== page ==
It’s a busy office on a good day — shot clinics, nutritional counseling, mental health advice, prenatal check-ups, TB monitoring, STD testing, birth control. Just your normal, day-to-day job of keeping a community healthy.
“Overall, we’re about healthy living and prevention. Our goal is to have healthy people in the community,” said Belen Public Health Office nurse supervisor Melinda Ivey.
Throw in a pandemic and things get really interesting.
As COVID-19 has stormed through Valencia County, the staff of four at the Belen Public Health Office have donned their gowns and masks and waded into the unknown. The women have set up test sites, at the Belen office and at sites across the county, spent endless hours manning the local COVID-19 hotline and tried to continue providing the office’s regular services.
Through it all, they have remained dedicated to the health of the community and say the vast number of partnerships with local agencies and organizations have allowed them to do what they do.
For their continued efforts to keep the community safe and informed, the staff of the Belen Public Health Office is one of the Valencia County News-Bulletin’s Unsung Heroes for 2020.
Public health nurse Tia Montoya says public health workers as a whole have started to feel a bit like unsung heroes since the pandemic began.
“I think we truly feel that way, that our importance, our relevance is known now,” Montoya said.
Having the services of public health offices in general highlighted during the pandemic has offered the public some insight into what the offices do, said Ashley Campbell, the public health clerk for the Belen office.
“Maybe they’ll see our office a little bit in a different light. Instead of the place just handing out ‘brown bags’ or getting immunizations, this has put us under a whole different spectrum,” Campbell said. “We’re doing it for our community because we did grow up here, decided to settle down here. This is not something that we’re doing just to do it. It’s something we actually care about — our community being healthy.
“And we’re OK with being unsung, yeah. We chose this path because we do want to help our community and we feel proud about representing Valencia County.”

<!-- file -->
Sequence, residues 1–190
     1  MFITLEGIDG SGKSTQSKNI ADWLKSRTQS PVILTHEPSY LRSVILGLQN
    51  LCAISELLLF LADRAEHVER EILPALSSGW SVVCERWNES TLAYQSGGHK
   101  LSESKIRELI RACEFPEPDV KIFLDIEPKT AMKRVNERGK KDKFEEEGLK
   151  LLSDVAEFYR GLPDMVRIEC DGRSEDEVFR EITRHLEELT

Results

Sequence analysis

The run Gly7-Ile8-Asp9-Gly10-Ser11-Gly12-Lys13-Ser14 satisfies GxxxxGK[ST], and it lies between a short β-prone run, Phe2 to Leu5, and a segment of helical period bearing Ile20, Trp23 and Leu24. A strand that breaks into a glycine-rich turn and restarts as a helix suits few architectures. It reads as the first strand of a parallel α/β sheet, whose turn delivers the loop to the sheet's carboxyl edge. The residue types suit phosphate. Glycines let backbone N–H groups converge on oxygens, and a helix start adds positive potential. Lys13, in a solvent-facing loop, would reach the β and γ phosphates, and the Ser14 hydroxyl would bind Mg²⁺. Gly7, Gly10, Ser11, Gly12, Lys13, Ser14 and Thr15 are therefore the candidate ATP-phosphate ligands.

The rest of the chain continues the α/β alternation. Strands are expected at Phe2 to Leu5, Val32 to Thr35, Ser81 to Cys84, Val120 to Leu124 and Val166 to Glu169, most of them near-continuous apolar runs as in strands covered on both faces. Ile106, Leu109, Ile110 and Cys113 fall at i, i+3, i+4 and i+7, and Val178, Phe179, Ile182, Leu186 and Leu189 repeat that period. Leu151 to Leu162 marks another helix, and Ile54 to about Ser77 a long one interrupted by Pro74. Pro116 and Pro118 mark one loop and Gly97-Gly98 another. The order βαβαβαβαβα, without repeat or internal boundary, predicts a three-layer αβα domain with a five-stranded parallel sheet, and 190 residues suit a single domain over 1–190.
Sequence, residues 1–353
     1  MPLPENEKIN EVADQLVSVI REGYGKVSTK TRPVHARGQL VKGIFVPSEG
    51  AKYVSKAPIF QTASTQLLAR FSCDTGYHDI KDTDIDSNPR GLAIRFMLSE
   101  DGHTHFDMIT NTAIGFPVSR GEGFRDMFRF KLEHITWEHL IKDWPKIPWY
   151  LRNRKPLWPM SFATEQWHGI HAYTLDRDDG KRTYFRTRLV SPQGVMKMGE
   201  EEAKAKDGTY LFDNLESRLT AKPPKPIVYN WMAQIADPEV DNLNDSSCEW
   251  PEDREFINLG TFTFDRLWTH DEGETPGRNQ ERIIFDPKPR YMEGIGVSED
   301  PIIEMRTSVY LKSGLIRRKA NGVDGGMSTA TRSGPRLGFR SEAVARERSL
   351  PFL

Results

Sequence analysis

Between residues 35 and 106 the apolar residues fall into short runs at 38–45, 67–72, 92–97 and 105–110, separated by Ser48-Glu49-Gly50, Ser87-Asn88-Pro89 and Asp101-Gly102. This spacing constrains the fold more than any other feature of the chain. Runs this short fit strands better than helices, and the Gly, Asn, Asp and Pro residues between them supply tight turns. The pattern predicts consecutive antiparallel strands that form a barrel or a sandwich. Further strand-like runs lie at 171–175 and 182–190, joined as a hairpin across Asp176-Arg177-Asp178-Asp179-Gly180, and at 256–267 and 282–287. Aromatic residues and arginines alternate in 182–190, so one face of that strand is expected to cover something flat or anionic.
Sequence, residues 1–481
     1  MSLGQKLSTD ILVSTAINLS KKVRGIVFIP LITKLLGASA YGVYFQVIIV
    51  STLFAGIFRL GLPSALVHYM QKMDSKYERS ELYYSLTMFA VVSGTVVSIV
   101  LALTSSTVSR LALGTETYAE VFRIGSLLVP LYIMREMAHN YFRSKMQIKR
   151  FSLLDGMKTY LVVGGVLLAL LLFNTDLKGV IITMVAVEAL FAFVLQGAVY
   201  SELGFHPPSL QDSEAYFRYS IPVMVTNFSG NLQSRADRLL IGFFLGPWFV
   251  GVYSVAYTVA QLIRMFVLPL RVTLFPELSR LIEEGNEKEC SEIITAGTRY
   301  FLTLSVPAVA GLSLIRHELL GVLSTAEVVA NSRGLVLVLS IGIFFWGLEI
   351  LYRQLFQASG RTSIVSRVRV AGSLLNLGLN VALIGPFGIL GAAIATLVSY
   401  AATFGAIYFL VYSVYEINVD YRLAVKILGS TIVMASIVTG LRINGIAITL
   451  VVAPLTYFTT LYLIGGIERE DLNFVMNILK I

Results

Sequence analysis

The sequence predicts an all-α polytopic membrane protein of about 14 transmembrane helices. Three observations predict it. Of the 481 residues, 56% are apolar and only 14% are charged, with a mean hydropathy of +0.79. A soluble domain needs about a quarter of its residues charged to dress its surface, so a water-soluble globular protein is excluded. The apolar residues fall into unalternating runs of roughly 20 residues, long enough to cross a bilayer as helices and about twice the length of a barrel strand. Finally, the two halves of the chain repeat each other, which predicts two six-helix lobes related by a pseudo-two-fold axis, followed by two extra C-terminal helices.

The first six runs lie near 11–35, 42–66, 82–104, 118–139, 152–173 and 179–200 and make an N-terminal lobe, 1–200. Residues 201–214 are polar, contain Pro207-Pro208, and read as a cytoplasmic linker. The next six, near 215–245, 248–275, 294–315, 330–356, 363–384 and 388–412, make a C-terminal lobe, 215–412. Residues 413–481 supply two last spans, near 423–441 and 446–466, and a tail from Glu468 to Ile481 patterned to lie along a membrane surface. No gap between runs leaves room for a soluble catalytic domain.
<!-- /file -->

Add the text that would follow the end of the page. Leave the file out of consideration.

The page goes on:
But all the work they have done and continue to do couldn’t have happened without the collaboration with many other agencies across the county, Ivey said.
“The collaboration in the face of this overwhelming situation has been amazing. You look at how all the different chiefs — fire and law enforcement — have dedicated their time and man power. They didn’t have to but they attend our events here, they learned to swab, they helped us do surveillance,” she said. “They actually took it upon themselves to go in and help with surveillance of some of the adult living facilities in Los Lunas.”
Ivey continued, saying the employees of Belen Consolidated Schools have also been amazing, with the district’s head nurse Deborah Baca in constant contact with the public health office, Superintendent Diane Vallejos and David Carter, BCS director of support services, allowing the office to set up large-scale COVID-19 testing events at their facilities.
“They were all involved and let their people participate in expanding our capabilities, they’re doing it because they want to. They do it for the community and the people,” she said. “That’s just amazing. We are one of the only communities in the state of New Mexico who has had the fire department, the fire chief, the police chief and the mayor all on board, on the same page with assisting us test.”
But before all this began, before COVID-19 became a part of daily life, there was an oddly prescient occurrence at the Belen office.
Before the first positive case in the U.S. was diagnosed in January, a patient came into the office needing vaccinations to travel to Thailand.
“And I actually had just started in December, so being this new public health worker, there I was, all about the CDC,” said Montoya. “I was all about reading up on contagions and saw there was what they were calling an unknown pneumonia migrating through southeast Asia.
“I mentioned this to our patient, gave them some mitigation steps like you would for the flu. So even before it got here per se, we were already active in letting people know what was happening. It was pretty cool, in a ‘Yeah! Public health!’ way.”
When March rolled around and the then identified COVID-19 came to New Mexico, it was already on the staff’s radar. As positive cases began to pop up, Ivey said their main priority was focusing on how to help people in the community.
“We actually were the first swabbing station in New Mexico for the public health offices. There were others at Presbyterian and Lovelace hospitals, but this was the pilot location for public health offices,” she said. “We were gathering information on how traffic patterns were going work, how we were setting up the actual swabs, using the (testing) media, kind of the whole thing,” she said.
The public health nurse at the Los Lunas Public Health Office relocated to the Belen office for a time after the nurse supervisor retired just as the pandemic started, and helped answer the COVID-19 hotline.
“We were nonstop on the phone. This started right with the flu and allergy season, so we were helping people to determine what they were experiencing,” Montoya said. “Melinda’s reputation helped because people know she’s a go-getter, and that helped us to start a lot of things in this little office with four people. A lot of things started here that ended up becoming bigger programs, and I think a lot of that has to do with our relationship with a lot of the community.”